5 Reasons Teens Get Bullied

By Staff Writer

The incidence of teen bullying is on the rise, with teens all over the world experiencing depression and anxiety, avoiding school, and even losing their lives because of unrelenting harassment. How do bullies select their targets? Is your child one of them?

Here are five of the most common reasons teens fall prey to bullying:

1) Being Gay, Lesbian, Bisexual or Transgender

Research shows that gay teens get bullied two to three times more than heterosexual teens. Interestingly, studies also show that gay and lesbian teens are the least likely to bully others. Even when a victim is not actually gay, bullies may use homosexual slurs and disparaging remarks to taunt their peers.

Bullying is not a mere rite of passage or a natural part of being gay. In fact, bullying contributes to physical and mental health problems as well as an elevated risk of suicide among gay teens.

2) Being Shy or Socially Awkward

Teens who are shy, isolated or socially awkward tend to be targets for bullies. Bullies search for victims who they perceive as weak in hopes that they’ll be too embarrassed to report the bullying to an authority figure.

3) Having a Learning Disability or Emotional or Behavioral Disorder

Bullies target kids who are different. Studies show that teens with learning disabilities, emotional or behavioral disorders, and even food allergies are at increased risk of being bullied. For example, teens with attention deficit/hyperactivity disorder (ADHD) often struggle to keep up with their classmates in reading and are taunted because of it. Left untreated, teens with ADHD and other disorders can be prime targets for bullies.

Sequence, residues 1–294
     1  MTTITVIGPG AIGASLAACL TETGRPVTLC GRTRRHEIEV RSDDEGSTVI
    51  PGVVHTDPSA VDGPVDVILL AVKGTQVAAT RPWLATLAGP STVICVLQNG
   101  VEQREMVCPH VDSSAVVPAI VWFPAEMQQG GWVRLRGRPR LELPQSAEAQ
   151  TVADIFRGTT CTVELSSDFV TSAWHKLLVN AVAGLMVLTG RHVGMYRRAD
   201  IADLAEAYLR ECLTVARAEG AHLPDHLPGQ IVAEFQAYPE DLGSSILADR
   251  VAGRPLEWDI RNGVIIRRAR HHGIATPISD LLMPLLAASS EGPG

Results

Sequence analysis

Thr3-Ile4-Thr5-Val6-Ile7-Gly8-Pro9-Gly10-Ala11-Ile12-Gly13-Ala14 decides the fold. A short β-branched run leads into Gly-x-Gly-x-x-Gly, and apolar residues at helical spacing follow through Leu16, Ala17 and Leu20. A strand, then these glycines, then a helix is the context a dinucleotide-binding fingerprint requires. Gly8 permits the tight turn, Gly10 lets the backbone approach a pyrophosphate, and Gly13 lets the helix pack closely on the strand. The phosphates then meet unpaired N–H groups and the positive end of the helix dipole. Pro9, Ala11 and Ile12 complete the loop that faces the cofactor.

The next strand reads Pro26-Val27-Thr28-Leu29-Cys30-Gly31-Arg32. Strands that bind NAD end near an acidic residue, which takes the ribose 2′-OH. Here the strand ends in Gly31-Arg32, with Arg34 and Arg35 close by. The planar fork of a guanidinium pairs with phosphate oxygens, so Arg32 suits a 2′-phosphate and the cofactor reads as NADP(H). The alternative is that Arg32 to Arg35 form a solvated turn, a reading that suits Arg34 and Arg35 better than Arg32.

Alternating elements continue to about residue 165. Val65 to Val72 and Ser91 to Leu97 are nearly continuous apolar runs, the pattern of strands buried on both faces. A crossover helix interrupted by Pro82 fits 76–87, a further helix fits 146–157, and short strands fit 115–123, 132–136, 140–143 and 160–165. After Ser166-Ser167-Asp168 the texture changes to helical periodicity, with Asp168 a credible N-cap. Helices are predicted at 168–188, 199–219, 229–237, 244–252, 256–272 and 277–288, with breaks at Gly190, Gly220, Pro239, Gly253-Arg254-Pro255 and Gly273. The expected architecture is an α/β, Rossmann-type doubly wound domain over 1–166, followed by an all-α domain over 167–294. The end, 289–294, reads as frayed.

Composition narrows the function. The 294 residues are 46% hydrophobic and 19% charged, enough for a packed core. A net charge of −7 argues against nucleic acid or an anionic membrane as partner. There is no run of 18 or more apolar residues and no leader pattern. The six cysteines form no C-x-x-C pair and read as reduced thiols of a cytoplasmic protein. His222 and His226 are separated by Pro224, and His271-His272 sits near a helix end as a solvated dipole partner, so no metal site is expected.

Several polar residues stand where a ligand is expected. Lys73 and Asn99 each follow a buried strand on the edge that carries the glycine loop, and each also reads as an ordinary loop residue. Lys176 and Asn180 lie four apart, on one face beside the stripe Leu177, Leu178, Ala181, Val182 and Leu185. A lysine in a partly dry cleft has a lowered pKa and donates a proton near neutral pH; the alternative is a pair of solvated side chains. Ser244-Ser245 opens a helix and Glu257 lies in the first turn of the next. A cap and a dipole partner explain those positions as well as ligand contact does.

4) Having Low Self-Esteem

Bullies often target teens who seem like they won’t put up a fight. Kids whose body language, speech or demeanor suggests that they’ll put up with verbal abuse or physical attacks without retort may attract teen bullies. Of course, many of these adolescents are simply quiet, introspective or mild-natured, and should never be blamed or shamed into feeling that they brought the bullying on themselves.

5) Posing a Threat

Bullies sometimes taunt and ridicule students who pose a threat to their popularity, status or confidence. By nature, bullies tend to be aggressive and believe they are superior to others. A teen whose academic performance, athletic prowess or growing popularity become intimidating to a school bully may find themselves the target of harassment.

Words hurt, especially when repeated over and over for long periods of time. If your child is being bullied, don’t assume they’ll get over it or learn to cope with it on their own. Adolescents are particularly vulnerable to the emotional and psychological effects of bullying.

There are programs that can help bullied teens work through the trauma they’ve endured and develop healthy self-esteem. By getting away from a tortuous situation at school and focusing on their own development, teens can learn new skills for handling bullies and learn to accept and love themselves for who they are.